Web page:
Faith, Ministry & Church: Vice President John Bell addresses Conference

The new Vice President of Conference 2005/6, John Bell, is a retired business executive from the Chester and Stoke District. He was educated at grammar schools in Sunderland and Newcastle, later studying Economics at Manchester University and Industrial Management at the University of Leeds. He is married to Joan and has two grown-up children, Alison and Martin. John has a special interest in the role of faith in the workplace, and in the selection and training of people for ministry.

This morning John addressed delegates and guests at the Sunday morning worship service, welcoming a diverse assembly of people and inviting them to reflect on faith, ministry and church from their own perspectives. He spoke of those who had profoundly influenced and challenged him on his own faith journey, encouraging those present to do the same.

Speaking on the diversity that comes with faith, John commented that "Perhaps, the broader our base, the stronger we may become. Let us hold this in our minds when we consider the Conference report Pilgrimage of Faith, reflecting our shared journey on human sexuality. No, we haven't arrived; the journey is not straightforward; maybe we don't even know the destination. But let us continue to journey, safely, together.

"Our faith, with its amalgam of belief and unbelief, our confidence in God this day, even if we would have difficulty articulating these things, are a gathering of all that has gone before in our lives, perhaps shredded, honed and glued together again through the years. Like the two on the road to Emmaus, as we journey and wrestle, we will glimpse Jesus, the risen Lord."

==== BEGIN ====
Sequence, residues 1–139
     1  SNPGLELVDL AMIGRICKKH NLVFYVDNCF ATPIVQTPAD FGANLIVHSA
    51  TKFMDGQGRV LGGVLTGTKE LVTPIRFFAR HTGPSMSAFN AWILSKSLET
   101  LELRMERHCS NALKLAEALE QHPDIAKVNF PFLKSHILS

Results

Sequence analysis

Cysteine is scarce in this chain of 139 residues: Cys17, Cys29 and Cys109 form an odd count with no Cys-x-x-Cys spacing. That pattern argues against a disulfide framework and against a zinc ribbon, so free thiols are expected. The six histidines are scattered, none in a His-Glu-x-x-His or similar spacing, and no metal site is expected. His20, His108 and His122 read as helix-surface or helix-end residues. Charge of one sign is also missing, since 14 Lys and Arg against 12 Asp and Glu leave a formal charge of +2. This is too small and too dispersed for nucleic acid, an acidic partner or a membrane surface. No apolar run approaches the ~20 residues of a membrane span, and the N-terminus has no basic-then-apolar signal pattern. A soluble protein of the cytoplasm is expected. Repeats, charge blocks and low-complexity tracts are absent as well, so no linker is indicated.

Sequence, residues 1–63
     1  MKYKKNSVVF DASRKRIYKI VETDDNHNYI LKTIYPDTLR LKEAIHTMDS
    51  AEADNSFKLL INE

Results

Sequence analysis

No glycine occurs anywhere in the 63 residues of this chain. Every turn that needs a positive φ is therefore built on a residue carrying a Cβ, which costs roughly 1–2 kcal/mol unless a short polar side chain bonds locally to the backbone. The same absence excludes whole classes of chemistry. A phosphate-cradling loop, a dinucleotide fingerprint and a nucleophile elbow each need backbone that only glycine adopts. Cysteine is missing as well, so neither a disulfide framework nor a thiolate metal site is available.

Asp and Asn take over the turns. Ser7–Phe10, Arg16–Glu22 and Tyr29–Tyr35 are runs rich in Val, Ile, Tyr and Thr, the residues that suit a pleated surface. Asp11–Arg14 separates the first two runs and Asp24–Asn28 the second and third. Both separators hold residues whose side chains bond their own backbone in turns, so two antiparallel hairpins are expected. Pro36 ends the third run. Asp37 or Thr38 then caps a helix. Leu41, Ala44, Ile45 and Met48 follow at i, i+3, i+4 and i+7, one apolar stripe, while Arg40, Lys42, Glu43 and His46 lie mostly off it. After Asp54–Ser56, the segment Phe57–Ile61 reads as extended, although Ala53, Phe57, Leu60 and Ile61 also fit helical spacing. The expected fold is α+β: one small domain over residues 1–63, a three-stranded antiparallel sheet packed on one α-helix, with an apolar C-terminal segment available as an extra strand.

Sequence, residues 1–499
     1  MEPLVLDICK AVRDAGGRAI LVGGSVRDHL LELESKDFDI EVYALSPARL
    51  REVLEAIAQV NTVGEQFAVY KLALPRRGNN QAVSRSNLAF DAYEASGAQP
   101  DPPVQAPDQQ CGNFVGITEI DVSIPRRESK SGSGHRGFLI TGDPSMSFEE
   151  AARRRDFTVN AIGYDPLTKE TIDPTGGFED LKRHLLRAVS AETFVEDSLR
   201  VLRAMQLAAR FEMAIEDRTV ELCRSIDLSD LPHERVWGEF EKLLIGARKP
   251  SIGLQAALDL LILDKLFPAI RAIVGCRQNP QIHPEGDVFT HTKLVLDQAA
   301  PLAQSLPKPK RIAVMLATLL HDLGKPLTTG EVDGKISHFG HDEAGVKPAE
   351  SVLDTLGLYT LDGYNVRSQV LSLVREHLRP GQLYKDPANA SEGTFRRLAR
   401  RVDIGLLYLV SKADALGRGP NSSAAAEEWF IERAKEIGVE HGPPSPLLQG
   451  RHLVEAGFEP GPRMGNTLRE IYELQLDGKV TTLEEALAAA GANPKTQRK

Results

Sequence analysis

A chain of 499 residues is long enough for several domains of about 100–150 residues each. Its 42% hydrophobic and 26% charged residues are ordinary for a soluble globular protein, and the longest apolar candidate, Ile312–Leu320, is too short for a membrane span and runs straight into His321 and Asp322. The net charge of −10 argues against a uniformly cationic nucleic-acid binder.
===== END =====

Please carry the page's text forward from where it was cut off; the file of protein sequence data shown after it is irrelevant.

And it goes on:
This diversity of faith is carried into the ministry of the church in all its variety. John challenged ordained ministers to have the courage to follow their hopes for the Methodist Church in the 21st Century, and spoke of the need to recognise the value of lay ministry; "Yes, we may engage in the work of the gathered church, but we have enormous opportunity to exercise our Christian ministry where we work or otherwise commit and spend our time (whether in parenting, in retirement, in community service, in many other situations). What a wonderful opportunity we have! And yet, so neglected in the ecclesiastical pecking order. In my time with the Connexional Candidates Committee, I often asked candidates about their call to ordained ministry Ð it seemed a fair question Ð and was most dismayed by the sincerely offered answers that amounted to 'I want to give myself full-time to serving God. I can't do that in a secular job:' oh, no? Where did you develop this taste for luxury? Of course I knew what they meant, but it seemed to betray a narrow view of mission possibilities."

Moving to the final of the service's themes, he said, "What is surely beyond doubt is that 'the church' is the hardest bit. People say 'it's not just about numbers:' no, it isn't. If we reflect on the Old Testament idea of the remnant of Israel, maybe we are the Christian remnant today in whom God has put his trust. But we cannot be content that God expects nothing of us: Jesus' great commission in Matthew 28 to make disciples of all nations is direct enough. It's neither complacency nor panic, but faith and vision with a strong dose of honesty and realism that are needed."

John believes that being part of the Church involves four key challenges for each and every member; upholding the faithful through pastoral support, finding fresh ways or being and doing church, working in partnership with those of other denominations and learning from the confidence and success of our partner churches in other continents.

Finally John called for the Church to be open to new insights in the search for and pilgrimage with God, for which being open to the person and work of Jesus and the inspirational challenge of discipleship is essential.

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